What does pre-workout do? | Mark’s Daily Apple

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What does pre-workout do?  |  Mark’s Daily Apple


Pre-workouts are supplements or combinations of supplements, often in powder form, that you take before a training session in order to improve your performance and increase training adaptations. As fitness culture has exploded and grown by leaps and bounds, so have the pre-workout products available that promise to boost your workout performance.

Some of the things they say to do pre-workouts:

  • Improve energy utilization
  • Increases muscle protein synthesis
  • Increases anabolic response
  • Provide fuel to the muscles
  • Improve performance

But does pre-workout work? Let’s go over some of the most popular and common pre-workout ingredients and see if they really work as advertised.

creatine

creatine It helps us store more phosphocreatine in the muscles, which is one of the most powerful fast-acting energy systems for fast, high-intensity movements like weightlifting. Taking creatine:

  • It improves performance in all lifts studied, especially the more complex multi-joint compound lifts such as squats and deadlifts.
  • Improves strength and muscle gains, even in older people.
  • Improves sprint performance.

Creatine works. It improves strength training performance and is one of the few supplements I still take daily. Creatine is especially important for vegans and vegetarians who do not get any dietary creatine from meat and fish.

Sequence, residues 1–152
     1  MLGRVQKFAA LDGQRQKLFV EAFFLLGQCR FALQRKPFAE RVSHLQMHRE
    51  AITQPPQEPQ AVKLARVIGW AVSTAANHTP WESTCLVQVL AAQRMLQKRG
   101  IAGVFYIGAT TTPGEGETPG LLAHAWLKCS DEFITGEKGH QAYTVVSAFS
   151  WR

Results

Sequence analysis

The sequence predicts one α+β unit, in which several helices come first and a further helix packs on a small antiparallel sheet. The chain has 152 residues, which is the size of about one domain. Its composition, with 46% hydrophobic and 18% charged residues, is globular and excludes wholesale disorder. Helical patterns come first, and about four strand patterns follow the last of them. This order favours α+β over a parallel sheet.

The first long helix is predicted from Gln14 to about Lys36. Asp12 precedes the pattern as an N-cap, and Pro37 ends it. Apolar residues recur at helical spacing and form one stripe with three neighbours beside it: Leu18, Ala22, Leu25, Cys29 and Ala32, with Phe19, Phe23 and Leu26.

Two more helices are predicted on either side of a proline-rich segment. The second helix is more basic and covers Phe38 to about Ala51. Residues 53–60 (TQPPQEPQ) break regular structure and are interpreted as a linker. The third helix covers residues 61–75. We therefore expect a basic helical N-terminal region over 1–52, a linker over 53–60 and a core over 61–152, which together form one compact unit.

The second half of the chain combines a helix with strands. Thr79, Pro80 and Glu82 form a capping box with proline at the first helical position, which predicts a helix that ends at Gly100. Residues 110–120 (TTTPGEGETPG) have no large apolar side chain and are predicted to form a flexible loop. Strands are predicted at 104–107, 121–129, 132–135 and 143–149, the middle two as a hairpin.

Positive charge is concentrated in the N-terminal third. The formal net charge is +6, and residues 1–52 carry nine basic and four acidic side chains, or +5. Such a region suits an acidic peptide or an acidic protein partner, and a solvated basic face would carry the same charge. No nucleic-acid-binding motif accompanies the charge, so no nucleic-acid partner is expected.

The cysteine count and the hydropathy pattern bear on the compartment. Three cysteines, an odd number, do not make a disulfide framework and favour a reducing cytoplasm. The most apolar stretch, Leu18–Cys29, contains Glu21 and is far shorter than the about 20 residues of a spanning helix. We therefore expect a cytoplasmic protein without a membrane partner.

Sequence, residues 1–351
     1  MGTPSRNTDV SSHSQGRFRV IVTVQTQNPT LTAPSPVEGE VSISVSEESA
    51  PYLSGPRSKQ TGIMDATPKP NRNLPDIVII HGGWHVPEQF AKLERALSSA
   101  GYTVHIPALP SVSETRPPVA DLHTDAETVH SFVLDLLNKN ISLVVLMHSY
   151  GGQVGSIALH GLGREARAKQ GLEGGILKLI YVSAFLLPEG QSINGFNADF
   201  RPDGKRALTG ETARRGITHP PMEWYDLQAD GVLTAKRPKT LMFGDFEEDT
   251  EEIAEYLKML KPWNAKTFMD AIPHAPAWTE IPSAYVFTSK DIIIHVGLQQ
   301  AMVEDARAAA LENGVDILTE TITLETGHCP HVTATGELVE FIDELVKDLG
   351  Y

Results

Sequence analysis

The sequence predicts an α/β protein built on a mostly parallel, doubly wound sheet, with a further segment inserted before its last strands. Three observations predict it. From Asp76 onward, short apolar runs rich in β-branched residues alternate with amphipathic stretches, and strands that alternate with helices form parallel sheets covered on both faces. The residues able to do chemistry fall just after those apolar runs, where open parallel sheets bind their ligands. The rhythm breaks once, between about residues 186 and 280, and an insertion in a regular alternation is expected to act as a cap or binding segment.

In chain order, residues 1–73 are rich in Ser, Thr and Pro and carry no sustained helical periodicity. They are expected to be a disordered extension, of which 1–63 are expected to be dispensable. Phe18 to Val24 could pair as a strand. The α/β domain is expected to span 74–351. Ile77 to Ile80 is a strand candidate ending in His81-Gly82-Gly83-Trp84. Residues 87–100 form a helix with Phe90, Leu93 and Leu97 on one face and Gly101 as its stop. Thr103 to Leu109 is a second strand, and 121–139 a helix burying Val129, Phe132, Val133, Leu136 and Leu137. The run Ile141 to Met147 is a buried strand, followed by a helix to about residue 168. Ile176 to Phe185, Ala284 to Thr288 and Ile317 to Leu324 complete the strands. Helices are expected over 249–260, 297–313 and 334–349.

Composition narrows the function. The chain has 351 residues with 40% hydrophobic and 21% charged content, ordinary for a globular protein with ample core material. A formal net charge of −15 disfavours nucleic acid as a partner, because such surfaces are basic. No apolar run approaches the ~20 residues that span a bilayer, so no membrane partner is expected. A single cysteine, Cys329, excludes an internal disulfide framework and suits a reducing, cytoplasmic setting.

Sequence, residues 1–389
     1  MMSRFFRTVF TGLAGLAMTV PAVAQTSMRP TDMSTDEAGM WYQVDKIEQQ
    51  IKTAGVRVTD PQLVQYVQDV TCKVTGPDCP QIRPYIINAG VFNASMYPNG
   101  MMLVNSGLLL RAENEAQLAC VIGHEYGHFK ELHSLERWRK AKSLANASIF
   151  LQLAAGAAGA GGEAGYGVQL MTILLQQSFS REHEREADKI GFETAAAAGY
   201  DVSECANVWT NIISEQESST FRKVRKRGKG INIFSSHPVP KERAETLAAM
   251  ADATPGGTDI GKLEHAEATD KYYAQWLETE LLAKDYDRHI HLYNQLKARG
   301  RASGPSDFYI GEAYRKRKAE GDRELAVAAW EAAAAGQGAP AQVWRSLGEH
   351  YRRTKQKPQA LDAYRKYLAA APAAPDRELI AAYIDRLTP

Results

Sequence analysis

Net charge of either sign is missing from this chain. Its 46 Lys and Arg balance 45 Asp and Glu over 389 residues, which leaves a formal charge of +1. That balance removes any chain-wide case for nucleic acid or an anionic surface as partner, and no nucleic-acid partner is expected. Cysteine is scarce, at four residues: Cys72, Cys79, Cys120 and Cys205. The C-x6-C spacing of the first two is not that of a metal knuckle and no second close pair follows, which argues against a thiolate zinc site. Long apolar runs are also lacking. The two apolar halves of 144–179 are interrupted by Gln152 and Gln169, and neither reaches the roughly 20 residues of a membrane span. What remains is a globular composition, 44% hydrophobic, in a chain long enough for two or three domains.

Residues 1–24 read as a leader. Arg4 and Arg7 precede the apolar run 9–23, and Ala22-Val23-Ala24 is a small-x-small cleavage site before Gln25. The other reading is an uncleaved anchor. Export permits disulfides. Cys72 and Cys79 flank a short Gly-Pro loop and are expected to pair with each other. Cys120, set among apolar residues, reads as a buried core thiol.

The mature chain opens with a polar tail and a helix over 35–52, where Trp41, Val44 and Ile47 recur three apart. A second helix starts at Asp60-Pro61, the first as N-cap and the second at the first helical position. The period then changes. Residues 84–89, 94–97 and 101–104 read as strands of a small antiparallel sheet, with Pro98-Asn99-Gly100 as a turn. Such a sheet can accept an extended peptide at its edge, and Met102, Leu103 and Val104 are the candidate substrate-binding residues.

L-citrulline

L-citrulline is an amino acid that increases nitric oxide synthesis and improves endothelial function. In short, it improves blood flow. This improves blood flow to the heart and muscles:

  • Improves performance during intense activity.
  • It improves the “pump”, that feeling that the muscles are full of fluid and blood. An important subjective feedback that makes lifting more pelasurable. Arnold Schwarzenegger compared the sensation of the pump to the sensation of sex. Exercise scientists generally discount the importance of the pump, but I find it strongly correlates with better training and improved adaptations.

L-citrulline works. Improving blood flow to all areas of the body is great for performance, in all areas, not just in the weight room.

Beta-alanine

Beta-alanine is more effective in long sessions. In exercise sessions lasting less than 60 seconds, it doesn’t seem to help. In exercise sessions lasting longer than 60 seconds, beta-alanine begins to show beneficial effects on performance and capacity.

You know beta-alanine is working when you get a “tingling” sensation in your muscles. It’s not necessarily a nice feeling, but it means you’re ready to start training and if you do a great session, you’ll learn to appreciate the tingles. Given the modest overall effects of beta-alanine in the literature, I’d bet that the tingles act as a kind of placebo and provide a psychological signal to the muscles that they’re ready to work hard. This is not to discount them.